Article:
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CITIES BY THE BOOK: ATLANTA // Movers and shakers


The Invention of an International City, 1946-1996

By Frederick Allen

Longstreet Press, $20


By Ronald H. Bayor

University of North Carolina Press, $29.95

Reviewed by Tom Chaffin

Historically, books about Atlanta have tended to be as steeped in boosterism as their subject. Serious urban historiography _ traditionally preoccupied with older cities such as New York and Boston _ has rarely strayed below the Mason-Dixon line. In recent years, however, a growing number of talented historians have given us a more focused view of Atlanta's past.

Atlanta Rising by Frederick Allen sharpens that portrait.

Much of Atlanta Rising chronicles the white patrician individuals and institutions who _ along with the black leaders with whom they forged a political modus vivendi _ largely ran Atlanta for three decades. With Coca Cola chief Robert Woodrfuff at its head, Atlanta's A-List of those years also included mayors William B. Hartsfield and Ivan Allen; Richard Rich of Rich's department store; African-American leaders A. T. Walden, "Daddy" King and William Holmes Borders; the King & Spalding law firm, the C & S and Trust Co. banks; and rival developers John Portman and Tom Cousins. Since the early 1970s, of course, that list has been altered by many factors: the rise of a more vigorous and expanded black political leadership, corporate mergers, and increased economic competition from outside investors _ not to mention the grim reaper.

The core of Atlanta Rising focuses on the Hartsfield years, from 1937 to 1961. In assaying that era, Allen argues that it wasn't the presence of elites that made Atlanta unique _ all cities had elites _ so much as the context in which those elites exerted their powers.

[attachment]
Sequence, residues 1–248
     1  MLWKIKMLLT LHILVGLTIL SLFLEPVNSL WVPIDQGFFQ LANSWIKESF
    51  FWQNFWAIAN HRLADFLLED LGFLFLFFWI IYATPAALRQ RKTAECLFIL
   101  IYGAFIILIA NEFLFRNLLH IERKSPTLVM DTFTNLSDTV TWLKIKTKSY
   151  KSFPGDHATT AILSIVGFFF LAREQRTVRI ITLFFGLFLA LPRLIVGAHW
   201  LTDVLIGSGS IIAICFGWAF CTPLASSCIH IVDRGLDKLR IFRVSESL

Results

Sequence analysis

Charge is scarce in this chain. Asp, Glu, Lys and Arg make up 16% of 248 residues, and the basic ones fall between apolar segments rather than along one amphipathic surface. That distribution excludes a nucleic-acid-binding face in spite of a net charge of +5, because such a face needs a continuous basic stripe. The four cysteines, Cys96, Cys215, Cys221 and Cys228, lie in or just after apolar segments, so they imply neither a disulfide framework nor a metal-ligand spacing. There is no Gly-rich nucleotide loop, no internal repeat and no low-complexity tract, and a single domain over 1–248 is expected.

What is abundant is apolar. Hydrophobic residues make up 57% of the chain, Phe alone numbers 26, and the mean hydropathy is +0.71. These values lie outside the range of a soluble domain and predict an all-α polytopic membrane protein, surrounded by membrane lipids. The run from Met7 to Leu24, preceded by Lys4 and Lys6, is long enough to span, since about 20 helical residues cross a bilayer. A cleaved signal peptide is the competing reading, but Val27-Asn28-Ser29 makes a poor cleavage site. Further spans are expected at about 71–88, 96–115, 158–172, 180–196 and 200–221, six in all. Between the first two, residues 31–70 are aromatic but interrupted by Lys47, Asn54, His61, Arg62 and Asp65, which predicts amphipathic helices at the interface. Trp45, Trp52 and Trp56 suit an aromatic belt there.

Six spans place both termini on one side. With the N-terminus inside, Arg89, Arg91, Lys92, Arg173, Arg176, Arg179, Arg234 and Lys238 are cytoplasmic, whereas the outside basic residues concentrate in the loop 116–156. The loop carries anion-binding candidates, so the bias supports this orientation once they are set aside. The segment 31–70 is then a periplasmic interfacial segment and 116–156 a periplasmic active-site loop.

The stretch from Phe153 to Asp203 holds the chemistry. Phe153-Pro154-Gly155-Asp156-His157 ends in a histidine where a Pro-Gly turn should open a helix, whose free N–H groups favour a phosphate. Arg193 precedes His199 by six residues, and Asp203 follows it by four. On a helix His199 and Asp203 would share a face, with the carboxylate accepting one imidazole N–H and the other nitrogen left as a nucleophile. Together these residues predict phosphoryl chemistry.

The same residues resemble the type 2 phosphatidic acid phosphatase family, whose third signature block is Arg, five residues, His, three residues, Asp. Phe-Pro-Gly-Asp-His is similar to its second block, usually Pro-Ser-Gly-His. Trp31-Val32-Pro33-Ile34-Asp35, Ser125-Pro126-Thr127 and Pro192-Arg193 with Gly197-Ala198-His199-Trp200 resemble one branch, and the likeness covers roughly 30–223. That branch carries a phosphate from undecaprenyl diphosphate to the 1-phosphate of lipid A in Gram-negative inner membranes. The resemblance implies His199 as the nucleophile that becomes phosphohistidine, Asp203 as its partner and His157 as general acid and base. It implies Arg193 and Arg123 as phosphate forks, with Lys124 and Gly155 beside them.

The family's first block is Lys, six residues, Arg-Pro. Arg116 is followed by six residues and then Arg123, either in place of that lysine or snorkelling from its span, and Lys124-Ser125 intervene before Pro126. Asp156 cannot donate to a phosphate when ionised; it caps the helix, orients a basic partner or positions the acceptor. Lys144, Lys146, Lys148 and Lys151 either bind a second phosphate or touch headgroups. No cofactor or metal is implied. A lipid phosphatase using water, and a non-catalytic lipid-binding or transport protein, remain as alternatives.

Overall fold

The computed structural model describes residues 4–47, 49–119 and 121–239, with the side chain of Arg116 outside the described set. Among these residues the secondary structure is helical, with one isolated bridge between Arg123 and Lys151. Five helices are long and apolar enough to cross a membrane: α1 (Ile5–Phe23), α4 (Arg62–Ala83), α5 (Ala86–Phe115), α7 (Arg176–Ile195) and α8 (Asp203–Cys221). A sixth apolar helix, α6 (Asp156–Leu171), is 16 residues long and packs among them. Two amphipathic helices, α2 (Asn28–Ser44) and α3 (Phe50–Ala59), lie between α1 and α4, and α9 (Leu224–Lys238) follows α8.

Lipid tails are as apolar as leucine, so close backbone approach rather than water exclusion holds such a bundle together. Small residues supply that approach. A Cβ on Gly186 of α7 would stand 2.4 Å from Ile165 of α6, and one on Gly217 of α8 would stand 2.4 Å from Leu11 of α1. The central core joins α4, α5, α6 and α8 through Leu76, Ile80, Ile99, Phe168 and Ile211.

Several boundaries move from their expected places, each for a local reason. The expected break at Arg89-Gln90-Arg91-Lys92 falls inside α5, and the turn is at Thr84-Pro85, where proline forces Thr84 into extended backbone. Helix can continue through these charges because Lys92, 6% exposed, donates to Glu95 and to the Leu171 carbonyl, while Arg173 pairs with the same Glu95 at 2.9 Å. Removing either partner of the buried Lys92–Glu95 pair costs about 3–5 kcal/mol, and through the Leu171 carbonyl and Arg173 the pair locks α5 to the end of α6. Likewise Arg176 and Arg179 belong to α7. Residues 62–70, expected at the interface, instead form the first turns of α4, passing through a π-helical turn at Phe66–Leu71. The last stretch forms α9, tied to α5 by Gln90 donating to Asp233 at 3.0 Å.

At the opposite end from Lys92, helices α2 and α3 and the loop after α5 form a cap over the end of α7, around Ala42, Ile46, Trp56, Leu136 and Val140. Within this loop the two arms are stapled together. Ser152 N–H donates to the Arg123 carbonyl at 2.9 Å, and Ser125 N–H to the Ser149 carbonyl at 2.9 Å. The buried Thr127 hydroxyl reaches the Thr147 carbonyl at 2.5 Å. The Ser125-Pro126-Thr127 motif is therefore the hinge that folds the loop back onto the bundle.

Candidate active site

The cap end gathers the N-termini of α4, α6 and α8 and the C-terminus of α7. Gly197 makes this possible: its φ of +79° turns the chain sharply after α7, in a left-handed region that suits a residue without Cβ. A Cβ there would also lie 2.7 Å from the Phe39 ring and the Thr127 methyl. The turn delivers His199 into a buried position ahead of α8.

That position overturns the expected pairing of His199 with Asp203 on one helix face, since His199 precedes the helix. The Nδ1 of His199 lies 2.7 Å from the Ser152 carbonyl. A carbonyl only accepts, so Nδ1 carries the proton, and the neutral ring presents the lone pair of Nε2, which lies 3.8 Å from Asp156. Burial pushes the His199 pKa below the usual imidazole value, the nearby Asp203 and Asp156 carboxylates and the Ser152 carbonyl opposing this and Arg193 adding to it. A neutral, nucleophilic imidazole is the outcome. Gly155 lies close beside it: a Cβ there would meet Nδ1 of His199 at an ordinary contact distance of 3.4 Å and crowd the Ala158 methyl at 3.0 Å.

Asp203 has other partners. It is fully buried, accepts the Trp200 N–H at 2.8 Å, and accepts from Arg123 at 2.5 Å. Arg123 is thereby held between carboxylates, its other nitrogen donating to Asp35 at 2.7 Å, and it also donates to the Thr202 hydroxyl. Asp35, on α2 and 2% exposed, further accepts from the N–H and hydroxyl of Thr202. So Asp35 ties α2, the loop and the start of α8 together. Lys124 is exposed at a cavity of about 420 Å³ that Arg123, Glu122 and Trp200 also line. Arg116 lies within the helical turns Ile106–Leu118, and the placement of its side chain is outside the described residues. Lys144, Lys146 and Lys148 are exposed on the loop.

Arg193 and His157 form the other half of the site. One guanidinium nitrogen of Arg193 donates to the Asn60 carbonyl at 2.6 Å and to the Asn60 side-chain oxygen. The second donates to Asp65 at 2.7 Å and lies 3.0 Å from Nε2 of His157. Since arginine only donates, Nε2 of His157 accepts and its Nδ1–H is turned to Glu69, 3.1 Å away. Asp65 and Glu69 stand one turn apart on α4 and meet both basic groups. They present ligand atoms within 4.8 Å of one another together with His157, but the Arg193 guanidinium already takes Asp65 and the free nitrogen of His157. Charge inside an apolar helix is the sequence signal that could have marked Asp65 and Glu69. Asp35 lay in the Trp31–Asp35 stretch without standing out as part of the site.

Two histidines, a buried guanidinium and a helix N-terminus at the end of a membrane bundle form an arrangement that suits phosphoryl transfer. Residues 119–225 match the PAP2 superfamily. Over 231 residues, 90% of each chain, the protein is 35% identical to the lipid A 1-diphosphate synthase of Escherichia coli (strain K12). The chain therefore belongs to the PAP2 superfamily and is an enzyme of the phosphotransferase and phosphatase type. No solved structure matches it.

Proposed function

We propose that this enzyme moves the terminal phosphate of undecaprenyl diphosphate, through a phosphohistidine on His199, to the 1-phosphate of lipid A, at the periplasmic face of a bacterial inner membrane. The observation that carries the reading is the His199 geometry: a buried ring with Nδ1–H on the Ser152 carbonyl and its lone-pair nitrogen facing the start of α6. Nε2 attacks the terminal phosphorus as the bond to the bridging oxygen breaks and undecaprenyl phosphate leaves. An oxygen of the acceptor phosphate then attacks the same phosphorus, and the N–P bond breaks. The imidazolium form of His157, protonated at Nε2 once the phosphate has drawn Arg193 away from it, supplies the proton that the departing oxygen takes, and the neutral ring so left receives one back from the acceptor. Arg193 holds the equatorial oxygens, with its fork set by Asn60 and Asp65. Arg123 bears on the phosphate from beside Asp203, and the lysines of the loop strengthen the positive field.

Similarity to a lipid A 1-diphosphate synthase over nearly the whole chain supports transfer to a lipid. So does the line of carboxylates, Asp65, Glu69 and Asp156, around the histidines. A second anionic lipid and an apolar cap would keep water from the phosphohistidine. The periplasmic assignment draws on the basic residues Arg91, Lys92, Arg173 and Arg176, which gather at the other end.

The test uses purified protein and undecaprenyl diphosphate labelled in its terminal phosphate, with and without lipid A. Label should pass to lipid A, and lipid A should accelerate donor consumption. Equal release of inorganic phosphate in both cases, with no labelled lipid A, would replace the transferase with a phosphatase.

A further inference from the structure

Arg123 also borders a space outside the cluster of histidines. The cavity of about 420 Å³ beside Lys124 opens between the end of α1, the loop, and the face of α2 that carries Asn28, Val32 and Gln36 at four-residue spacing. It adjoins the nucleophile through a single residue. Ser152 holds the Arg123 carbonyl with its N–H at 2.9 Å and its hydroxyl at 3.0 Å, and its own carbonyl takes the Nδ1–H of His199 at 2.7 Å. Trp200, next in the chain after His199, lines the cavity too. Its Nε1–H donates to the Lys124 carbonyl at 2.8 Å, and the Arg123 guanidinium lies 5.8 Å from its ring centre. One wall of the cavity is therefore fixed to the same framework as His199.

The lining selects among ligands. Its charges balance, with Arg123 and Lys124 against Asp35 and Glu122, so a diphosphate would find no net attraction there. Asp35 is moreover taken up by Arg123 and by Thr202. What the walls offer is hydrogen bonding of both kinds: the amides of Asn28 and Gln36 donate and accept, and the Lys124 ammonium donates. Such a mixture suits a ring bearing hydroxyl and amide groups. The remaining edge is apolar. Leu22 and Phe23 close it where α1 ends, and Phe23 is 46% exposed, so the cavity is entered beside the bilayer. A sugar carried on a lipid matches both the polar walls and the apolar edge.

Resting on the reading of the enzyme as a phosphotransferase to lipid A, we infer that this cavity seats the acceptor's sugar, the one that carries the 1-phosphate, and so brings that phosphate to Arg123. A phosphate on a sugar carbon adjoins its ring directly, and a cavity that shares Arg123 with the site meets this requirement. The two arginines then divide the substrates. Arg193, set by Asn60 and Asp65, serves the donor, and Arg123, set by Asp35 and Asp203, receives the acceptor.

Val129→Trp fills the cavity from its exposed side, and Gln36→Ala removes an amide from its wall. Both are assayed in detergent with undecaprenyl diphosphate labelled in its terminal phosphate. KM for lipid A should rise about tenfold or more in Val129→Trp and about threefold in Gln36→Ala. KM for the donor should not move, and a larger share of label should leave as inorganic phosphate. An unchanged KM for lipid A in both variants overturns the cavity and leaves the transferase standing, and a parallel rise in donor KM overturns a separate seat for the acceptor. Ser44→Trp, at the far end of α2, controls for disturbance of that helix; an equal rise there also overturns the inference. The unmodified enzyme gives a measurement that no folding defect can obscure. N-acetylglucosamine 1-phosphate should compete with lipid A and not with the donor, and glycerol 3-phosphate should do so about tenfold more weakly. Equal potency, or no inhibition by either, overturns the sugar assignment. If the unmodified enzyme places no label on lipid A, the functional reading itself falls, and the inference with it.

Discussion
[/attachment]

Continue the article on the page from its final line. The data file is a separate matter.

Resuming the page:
It was, Allen writes, the "missing ingredients" that made Atlanta different. For starters, beyond Coca-Cola's Candlers and Woodruffs, the city had no great private fortunes. Atlanta's rich tended to be millionaires, not billionaires. Their money came from finance, commerce and transportation rather than oil, steel, automobiles or other colossal industries. Atlanta also lacked strong labor unions, organized crime, an assertive Catholic church, and vocal immigrant factions. As a consequence, "Atlanta's political machine consisted of the personal clout of Hartsfield, who operated without a genuine patronage system. The mayor and his businessmen friends exercised power largely in a vacuum. Atlanta could be dismissed as a city led by its Chamber of Commerce . . . but what other source of leadership was there?"

Allen convincingly argues that modern Atlanta has, for the most part, been blessed with enlightened civic leaders, black and white, who could usually be counted on to put aside hidebound attitudes and do the right thing _ if only out of pragmatic self-interest.

Hartsfield, for example, embraced the standard white racism of his day, but the mayor was never a "hater," Bayor writes. If anything, he had even less tolerance for the "raggedy" whites of the Ku Klux Klan than he did for the civil rights "missionaries and agitators" he occasionally lambasted.

Raggedy types, after all, offended the "better element" of Atlanta's white community in whose behalf Hartsfield, an affable if irascible autodidact, governed. More to the point, raggedy types made the city less attractive to northern investors.

Allen draws his narrative from archival research, interviews, and from his own considerable knowledge as a former reporter and political columnist for the Atlanta Constitution. The author of Secret Formula, a history of the Coca-Cola company, he brings an astute insider's perspective to Atlanta Rising. But while Allen ably situates Atlanta within Georgia and U.S. political life, his chronicle often seems estranged from the city's earlier history. Though the post-World War II years are his quarry, a greater awareness of the pre-1946 city would have given the narrative deeper resonance.